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Woman Seeks Advice For How To Deal With The 'Toxic Things' Her Mother Tells Her Children

Photo: fizkes / Shutterstock
Frustrated (adult) daughter argues with her mother, displaying a generational divide between the women

A woman expressed her concerns about the “toxic things” her mother tells her 9-month-old baby and asked the people of the internet just how they might approach the situation.

The woman worries that her mother may be teaching her child toxic behaviors.

In her Reddit post on the “r/breakingmom” subreddit, where moms can seek advice or share their personal experiences on all things mom-related, a woman asked Redditors how they might deal with their own parents passing down outdated and potentially harmful teachings onto their grandchildren, and where to draw the line.

The user shared that her mother had recently offered to help care for her 9-month-old baby; however, she noted that she “couldn’t help noticing toxic stuff coming out of her mouth.”

“Like for example, ‘Aww you don't want to hug Grammy? Grammy is going to cry (fake crying)’ and when my daughter bumped her head on the handle of her play horse, my mom was telling her to hit it with her finger and saying ‘Bad Horsie,’” the user explained.

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woman seeks advice after her mother tells her kids toxic thingsPhoto: fizkes / Shutterstock

The woman realized how her mother’s toxic teachings have shaped the way she responds to situations as an adult.

Upon witnessing the way her mother interacted with her baby, the user realized a few things about herself and how she became the person she is today. She wrote, “It definitely made me realize why I'm a people pleaser and also why I have to suppress the urge to react in violence when upset.”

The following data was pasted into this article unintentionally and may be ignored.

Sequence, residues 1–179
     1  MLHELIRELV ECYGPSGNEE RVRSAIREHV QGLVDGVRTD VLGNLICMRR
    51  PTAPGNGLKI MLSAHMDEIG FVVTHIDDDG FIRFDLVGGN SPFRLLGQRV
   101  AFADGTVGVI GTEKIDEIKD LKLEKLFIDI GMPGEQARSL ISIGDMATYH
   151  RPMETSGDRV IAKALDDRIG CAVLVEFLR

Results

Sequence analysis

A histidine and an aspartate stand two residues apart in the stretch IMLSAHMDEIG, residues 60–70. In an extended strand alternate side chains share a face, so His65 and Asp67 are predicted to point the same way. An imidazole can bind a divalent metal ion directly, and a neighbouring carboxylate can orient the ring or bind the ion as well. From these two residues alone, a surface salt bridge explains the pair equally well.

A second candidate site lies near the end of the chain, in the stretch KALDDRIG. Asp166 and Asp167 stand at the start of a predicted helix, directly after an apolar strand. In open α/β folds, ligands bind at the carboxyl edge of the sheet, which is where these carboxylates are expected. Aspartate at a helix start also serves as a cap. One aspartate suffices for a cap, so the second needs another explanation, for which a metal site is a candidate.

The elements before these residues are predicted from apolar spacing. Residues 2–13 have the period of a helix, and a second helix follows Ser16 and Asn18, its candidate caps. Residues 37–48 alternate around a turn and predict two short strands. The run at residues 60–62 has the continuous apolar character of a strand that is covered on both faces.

Unfortunately, this user seems to have a hard time expressing this to her mother — a “typical boomer” — who holds negative views of psychology and believes it to be “just a tool to make children hate their parents.” 

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“If I said my concerns, she would roll her eyes. Best plan I have is to always say I’m busy when she wants to visit,” said the user.

To clarify, the woman added that despite all of this, she’s a “functioning adult” and doesn’t feel any animosity towards her mother. To that end, this revelation has made her feel apprehensive about allowing her mother to influence her daughter.

Drawing a line between your own parents and the lessons they try to impart to your child is challenging, but necessary.

Responding to the original post, one parent empathized with the user’s situation and shared their own experience, having had to explain to her mother that she was drawing a line.

“She definitely used to ‘bribe’ [my kids] for hugs,” the commenter wrote. “I told her in no uncertain terms, ‘You know I was sexually abused. I’m raising my kids differently. I don’t ever want them to tie physical touch to bribery or getting gifts. Their body is their own property and they will never be required to touch, hug, or kiss at any time they don’t feel like it. You can ask, but you may NOT imply that there will be ANY consequences for them withholding physical affection. Ever. Period.’”

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Generational differences on parenting have been a much debated and divisive topic. Of course, it’s important to note that each generation holds distinct perspectives associated with the times.

With that being said, it isn’t exactly wrong to say that older generations had a much more uncompromising approach to parenting. Historically, much of the stigma and lack of discussion surrounding mental health among previous generations was likely a factor in the teachings they passed down to their children.

woman seeks advice after her mother tells her kids toxic thingsPhoto: Evgeny Atamanenko / Shutterstock

In the wake of modern research regarding mental health, best parenting practices, and the like, our societal attitudes have evolved in a way that allows us to become more open with one another compared to our older, stricter counterparts

While it’s completely normal for parents to want to set firm boundaries and parent differently than their own parents, it never hurts to invite open and honest conversations so that perhaps, one day, we may break the cycle of generational trauma one step at a time. 

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Xiomara Demarchi is a New York-based writer and frequent contributor to YourTango’s news and entertainment team. Keep up with them on Instagram.